Public Affairs & Media Relations
Disarming a silent killer
Copper surfaces take out superbugs
April 9, 2013
CHARLESTON – In the United States, health care-acquired infections (HAIs) result in 100,000 deaths annually, adding an estimated $45 billion dollars to health care costs. According to a new study published in the May issue of Infection Control and Hospital Epidemiology, placement of copper surfaces in intensive care unit (ICU) hospital rooms reduced the amount of health care-acquired infections (HAIs) in patients by more than half. The journal is supported by the Society for Healthcare Epidemiology of America.
“Patients who suffer HAIs often stay in the hospital longer, incur greater costs, and unfortunately suffer a greater likelihood of dying while hospitalized,” said Cassandra D. Salgado, M.D., associate professor of infectious disease at the Medical University of South Carolina (MUSC) and lead author of the study. “Our study found that placement of items with copper surfaces into ICU rooms as an additional measure to routine infection control practices could reduce the risk of HAI as well as colonization with multidrug resistant microbes.”
In this study funded by an appropriation from the U.S. Army Materiel Command, U.S. Department of Defense, the proportion of patients who developed HAI and/or colonization with MRSA or VRE was significantly lower among patients in rooms with copper surfaces. These patients also had about half the number of infections, compared to patients in traditional ICU rooms. Researchers tested the capability of copper surfaces to reduce environmental contamination of these germs because copper has an inherent ability to continuously kill environmental microbes.
Performed from July 12, 2010 to June 14, 2011, the study operated out of three medical centers including MUSC, the Memorial Sloan-Kettering Cancer Center and the Ralph H. Johnson Veterans Affairs Medical Center. South Carolina Research Authority (SCRA)’s Applied R&D division managed the study for its duration. Patients who were admitted to the ICU of these hospitals were randomly assigned to receive care in a traditional patient room or in a room where items such as bed rails, tables, IV poles, and nurses call buttons had copper surfaces. Both traditional patient rooms and rooms with copper surfaces at each institution were cleaned using the same practices.
Previous attempts to reduce HAIs have required healthcare worker engagement or use of systems such as ultraviolet light, which may be limited because of regrowth of organisms after the intervention. In contrast, copper alloy surfaces offer a passive way to reduce burden, without staff intervention or involvement with outside providers.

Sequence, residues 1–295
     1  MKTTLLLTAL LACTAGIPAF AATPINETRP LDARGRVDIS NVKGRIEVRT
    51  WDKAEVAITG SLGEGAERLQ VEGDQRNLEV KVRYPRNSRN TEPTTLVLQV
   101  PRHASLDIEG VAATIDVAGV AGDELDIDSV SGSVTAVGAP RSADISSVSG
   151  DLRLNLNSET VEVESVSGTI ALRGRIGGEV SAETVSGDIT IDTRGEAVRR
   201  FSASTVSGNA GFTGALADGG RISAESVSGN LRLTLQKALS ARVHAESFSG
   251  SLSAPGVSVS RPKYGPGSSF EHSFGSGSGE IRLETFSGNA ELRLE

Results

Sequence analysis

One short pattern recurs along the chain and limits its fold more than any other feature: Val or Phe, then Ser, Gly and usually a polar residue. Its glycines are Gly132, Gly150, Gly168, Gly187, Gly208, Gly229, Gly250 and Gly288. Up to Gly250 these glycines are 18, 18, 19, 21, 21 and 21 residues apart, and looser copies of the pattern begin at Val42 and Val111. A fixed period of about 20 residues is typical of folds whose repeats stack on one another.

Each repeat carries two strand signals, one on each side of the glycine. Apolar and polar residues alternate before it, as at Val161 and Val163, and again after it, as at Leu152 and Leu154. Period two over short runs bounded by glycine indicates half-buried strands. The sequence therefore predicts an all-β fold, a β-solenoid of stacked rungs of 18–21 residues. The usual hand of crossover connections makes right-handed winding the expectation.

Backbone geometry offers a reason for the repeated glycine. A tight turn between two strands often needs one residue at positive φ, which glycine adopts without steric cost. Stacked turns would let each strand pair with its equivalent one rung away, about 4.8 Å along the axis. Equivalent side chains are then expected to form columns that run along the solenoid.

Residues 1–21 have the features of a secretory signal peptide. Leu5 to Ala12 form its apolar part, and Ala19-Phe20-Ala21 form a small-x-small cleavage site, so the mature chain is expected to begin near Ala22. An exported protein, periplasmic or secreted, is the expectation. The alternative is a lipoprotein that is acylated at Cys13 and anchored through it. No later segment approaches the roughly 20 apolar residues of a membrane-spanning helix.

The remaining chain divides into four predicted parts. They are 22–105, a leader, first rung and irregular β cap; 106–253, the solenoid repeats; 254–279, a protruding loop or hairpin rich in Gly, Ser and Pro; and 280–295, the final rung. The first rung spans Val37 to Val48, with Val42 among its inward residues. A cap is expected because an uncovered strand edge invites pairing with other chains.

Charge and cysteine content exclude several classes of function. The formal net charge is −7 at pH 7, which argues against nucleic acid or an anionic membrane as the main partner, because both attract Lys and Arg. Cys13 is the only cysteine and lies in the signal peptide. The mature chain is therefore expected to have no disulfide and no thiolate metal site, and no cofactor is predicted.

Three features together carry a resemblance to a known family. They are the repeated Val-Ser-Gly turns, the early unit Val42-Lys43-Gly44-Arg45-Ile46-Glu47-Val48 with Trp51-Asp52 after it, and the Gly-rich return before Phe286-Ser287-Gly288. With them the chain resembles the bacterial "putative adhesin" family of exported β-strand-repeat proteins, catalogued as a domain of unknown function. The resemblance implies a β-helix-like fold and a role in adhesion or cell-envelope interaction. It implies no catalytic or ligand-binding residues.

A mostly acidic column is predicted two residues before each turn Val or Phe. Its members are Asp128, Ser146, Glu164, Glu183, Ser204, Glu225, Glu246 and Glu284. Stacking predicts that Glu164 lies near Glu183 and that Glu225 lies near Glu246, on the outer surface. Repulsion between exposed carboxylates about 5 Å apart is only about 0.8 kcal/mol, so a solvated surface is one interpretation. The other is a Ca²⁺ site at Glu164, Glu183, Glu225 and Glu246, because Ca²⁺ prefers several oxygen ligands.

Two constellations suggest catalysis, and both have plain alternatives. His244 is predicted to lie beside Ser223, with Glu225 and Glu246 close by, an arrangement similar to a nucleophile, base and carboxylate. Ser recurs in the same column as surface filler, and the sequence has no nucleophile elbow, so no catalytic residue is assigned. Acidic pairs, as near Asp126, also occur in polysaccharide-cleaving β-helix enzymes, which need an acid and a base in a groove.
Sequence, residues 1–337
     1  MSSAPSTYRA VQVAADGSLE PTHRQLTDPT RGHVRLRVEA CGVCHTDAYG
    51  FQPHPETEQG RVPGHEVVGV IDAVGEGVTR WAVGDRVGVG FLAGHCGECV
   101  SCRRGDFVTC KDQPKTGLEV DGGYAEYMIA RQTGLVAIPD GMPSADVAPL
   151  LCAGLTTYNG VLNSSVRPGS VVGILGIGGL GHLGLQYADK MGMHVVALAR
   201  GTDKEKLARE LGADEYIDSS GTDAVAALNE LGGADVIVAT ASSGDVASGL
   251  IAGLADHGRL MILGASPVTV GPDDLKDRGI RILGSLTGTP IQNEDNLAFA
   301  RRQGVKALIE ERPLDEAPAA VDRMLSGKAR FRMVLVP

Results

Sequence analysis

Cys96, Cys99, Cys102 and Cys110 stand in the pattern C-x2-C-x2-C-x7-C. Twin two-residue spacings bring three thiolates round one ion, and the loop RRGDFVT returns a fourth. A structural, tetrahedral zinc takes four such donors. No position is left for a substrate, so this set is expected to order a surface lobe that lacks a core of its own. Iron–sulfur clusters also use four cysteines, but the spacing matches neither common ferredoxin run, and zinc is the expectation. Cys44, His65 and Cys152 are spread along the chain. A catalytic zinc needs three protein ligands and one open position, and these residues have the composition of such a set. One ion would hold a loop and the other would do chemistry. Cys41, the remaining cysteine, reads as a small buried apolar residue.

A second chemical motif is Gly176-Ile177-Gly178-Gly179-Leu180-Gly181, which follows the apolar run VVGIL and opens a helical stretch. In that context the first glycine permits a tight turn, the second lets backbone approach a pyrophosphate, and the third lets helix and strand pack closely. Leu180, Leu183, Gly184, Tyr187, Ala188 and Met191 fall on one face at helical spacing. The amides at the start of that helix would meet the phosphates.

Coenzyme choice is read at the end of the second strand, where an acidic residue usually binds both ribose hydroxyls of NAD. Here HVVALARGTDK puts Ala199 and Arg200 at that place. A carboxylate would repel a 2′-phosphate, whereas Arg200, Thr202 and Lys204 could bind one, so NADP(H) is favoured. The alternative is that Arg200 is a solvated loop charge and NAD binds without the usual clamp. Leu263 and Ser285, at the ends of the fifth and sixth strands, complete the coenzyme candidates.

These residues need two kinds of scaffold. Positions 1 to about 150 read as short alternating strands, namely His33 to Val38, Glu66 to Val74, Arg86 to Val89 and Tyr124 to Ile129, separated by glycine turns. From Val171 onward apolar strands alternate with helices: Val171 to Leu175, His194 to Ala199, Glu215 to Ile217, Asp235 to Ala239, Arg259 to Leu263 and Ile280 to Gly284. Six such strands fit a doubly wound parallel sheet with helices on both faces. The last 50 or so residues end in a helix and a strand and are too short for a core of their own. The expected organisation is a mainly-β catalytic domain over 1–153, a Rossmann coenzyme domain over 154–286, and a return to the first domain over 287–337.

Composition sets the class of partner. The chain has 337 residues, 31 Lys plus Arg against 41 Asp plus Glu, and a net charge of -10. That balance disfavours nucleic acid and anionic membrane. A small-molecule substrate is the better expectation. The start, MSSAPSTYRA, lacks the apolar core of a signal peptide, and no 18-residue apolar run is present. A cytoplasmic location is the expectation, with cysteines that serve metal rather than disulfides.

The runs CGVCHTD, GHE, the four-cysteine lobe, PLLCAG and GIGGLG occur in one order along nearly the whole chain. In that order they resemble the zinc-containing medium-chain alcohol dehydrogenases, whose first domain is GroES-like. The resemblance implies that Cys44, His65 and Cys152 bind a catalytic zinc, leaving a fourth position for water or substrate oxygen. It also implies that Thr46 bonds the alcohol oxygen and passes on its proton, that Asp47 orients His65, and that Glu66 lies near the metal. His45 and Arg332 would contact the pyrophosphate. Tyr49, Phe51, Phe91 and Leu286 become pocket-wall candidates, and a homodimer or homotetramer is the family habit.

HAIs often contaminate items within hospital rooms, allowing bacteria to transfer from patient to patient. Common microbes include methicillin-resistant Staphylococcus aureus (MRSA) and vancomycin-resistant Enterococcus (VRE). While several strategies exist to decrease HAIs, no methods have been clinically proven to reduce the spread of these infections.
Founded in 1824 in Charleston, The Medical University of South Carolina is the oldest medical school in the South. Today, MUSC continues the tradition of excellence in education, research, and patient care. MUSC educates and trains more than 3,000 students and residents, and has nearly 13,000 employees, including approximately 1,500 faculty members. As the largest non-federal employer in Charleston, the university and its affiliates have collective annual budgets in excess of $1.7 billion. MUSC operates a 750-bed medical center, which includes a nationally recognized Children's Hospital, the Ashley River Tower (cardiovascular, digestive disease, and surgical oncology), and a leading Institute of Psychiatry. For more information on academic information or clinical services, visit www.musc.edu. For more information on hospital patient services, visit www.muschealth.com. class="MsoHyperlink"
About Ralph H. Johnson Veterans Affairs Medical Center
SCRA is an applied research corporation with over 30 years of experience delivering technology solutions with high returns on investment to federal and corporate clients. To fulfill our mission, SCRA has three sectors: Our Technology Ventures sector helps early-stage companies to commercialize innovations and create jobs, our Applied R&D sector manages over 100 national and international programs worth over $2 billion in contract value and our R&D Facilities sector builds and manages research facilities that include wet labs, secure rooms for sensitive work and advanced high-tech manufacturing shops. Multiple economic impact studies show SCRA’s cumulative output on South Carolina’s economy to be over $15.3 billion. For more information visit http://www.scra.org/